U.S. early-warning coverage of Soviet long-range nuclear missiles could erode slightly if the first of a new generation of satellites remains grounded until the end of the year because of Titan missile explosions, according to congressional and administration sources.

A constellation of three Defense Support Program (DSP) satellites, in fixed orbit 20,000 miles above the Soviet Union, now provides the first warning of a Soviet missile launch. The satellites' infrared sensors detect heat from rocket firings on Earth and quickly relay that information to U.S. ground stations.

The current DSP satellites are running out of electricity and are less capable than successors being built. Failure to begin replacing them could mean the early-warning network is "less than ideal" but does not jeopardize the ability to detect a Soviet missile attack, one source said.

The first replacement was delivered earlier this year to the Air Force, which intended to launch it atop a Titan 34D rocket. The launch was delayed while the Air Force tried to determine the cause of a Titan 34D explosion at Vandenberg Air Force Base last August, and then delayed again after a second Titan blew up last month.

The new generation of DSP satellites is needed "to replace those that have failed, worn out or are unable to meet the growing threat," according to congressional testimony by the Air Force two years ago.

The new breed is intended to have longer operational life, greater resistance to nuclear radiation from Soviet antisatellite weapons and to be resistant to electronic jamming while sending data to other satellites and to ground stations.

Experts on the U.S. early-warning satellites said an "ideal" system means having three operating DSP satellites and one reserve in orbit. The three give not only redundant early-warning data but also work together to pinpoint the infrared plume of a missile launch.

In general, the recent epidemic of U.S. space failures -- including the destruction of two Titans, a Delta rocket and the shuttle Challenger and loss of its crew of seven -- has not yet put the Defense Department "in dire straits," one official said recently.

More than 40 U.S. military satellites in nine systems are in space, according to Pentagon sources.

With the exception of U.S. photo-intelligence capabilities, jolted by the loss of two satellites in the last eight months, "we are not unhealthy," one official said. That could change, however, if the Titans and space shuttles cannot be launched again next year, sources said.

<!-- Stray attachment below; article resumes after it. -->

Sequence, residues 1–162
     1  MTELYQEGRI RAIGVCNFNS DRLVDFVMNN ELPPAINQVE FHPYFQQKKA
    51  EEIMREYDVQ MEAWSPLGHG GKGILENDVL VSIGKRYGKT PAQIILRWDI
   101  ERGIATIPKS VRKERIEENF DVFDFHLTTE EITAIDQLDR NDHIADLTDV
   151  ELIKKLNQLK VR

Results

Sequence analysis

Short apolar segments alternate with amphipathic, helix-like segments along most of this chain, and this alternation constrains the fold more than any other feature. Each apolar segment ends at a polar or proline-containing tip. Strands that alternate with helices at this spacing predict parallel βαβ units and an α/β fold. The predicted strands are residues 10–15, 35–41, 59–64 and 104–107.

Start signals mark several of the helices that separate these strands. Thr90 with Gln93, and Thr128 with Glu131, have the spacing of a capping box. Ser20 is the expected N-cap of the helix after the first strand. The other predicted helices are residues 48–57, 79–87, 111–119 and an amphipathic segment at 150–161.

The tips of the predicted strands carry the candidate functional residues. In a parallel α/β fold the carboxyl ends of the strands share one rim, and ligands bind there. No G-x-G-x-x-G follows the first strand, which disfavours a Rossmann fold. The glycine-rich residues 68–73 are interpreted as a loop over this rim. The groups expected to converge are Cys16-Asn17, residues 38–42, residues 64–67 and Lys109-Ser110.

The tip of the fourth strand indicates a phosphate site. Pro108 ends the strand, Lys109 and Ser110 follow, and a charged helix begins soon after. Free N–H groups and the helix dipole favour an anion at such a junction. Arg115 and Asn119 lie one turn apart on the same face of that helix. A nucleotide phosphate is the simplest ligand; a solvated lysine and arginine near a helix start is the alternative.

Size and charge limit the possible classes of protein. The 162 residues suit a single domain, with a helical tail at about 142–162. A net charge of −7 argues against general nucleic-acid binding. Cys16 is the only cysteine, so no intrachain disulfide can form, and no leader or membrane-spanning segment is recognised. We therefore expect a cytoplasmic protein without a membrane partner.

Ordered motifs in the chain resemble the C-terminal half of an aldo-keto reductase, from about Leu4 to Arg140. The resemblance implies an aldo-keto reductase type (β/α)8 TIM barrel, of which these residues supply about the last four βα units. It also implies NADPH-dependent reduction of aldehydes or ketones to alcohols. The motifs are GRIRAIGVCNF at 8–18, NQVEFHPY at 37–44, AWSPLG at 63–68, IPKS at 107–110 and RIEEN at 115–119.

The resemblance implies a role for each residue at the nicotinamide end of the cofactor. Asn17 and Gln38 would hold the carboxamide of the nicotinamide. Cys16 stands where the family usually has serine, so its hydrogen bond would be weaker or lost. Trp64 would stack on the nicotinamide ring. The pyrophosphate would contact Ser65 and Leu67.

Two major new space-based systems face delays. Comprised of "Navstar" and "Milstar" satellites, they are to provide navigation, targeting, nuclear-explosion location and communications services in the next decade.

The first deployments of the 30 satellites that eventually will make up both systems were scheduled to begin later this year on the shuttle. The delays probably will prevent the systems from being totally operational by the 1990s, according to congressional and administration sources.

New satellites for systems already operating, such as the Defense Satellite Communications System (DSCS), the Defense Meteorological Satellite Program (DMSP) and the Navy's Fleetsatcom communications system also will be delayed. Those systems, however, have spares that can be used in event of malfunction of operating satellites.

Electronic and photo-intelligence satellites, which comprise the National Reconnaissance Organization's "black" programs, also face launch delays. The Titan 34D has been the prime launch vehicle for both kinds of satellites, although larger, more capable intelligence satellites have been designed to be carried in the shuttle.

The DMSP is the Pentagon's "single most important source of weather data" for tactical and strategic forces, according to information given Congress last year.

Its two operational satellites, which fly a near-polar orbit about 450 miles above Earth, cover the globe 14 times a day and send current meteorological, space environmental and oceanographic data to Air Force and Navy forecasting centers. Additional capability is being added to allow transmissions to local Air Force, Navy and Marine Corps operating units equipped with special receiving units.

The DSCS provides secure voice and data communications for Defense Department forces worldwide during wartime. In peacetime, the system also carries embassy and intelligence messages from around the world in a link that cannot be cut by any host country.

The DSCS is switching to a new generation of satellites, with the newer versions hardened against nuclear radiation and protected against jamming.

Seven DSCS II satellites, four operational and three spares, are in orbit. The spares, according to congressional testimony, "may be the only way to acquire additional capacity under hostile nuclear war conditions where replenishment launches may not be possible."

Fleetsatcom is the Navy's prime military communications network. Made up of four satellites spread around the Equator, the system transmits coded messages to and from the fleet around the world.

A replacement Fleetsatcom satellite scheduled for launch from Cape Canaveral May 22 aboard an Atlas-Centaur booster, the only large military rocket that has not failed recently, has been delayed for as long as a month.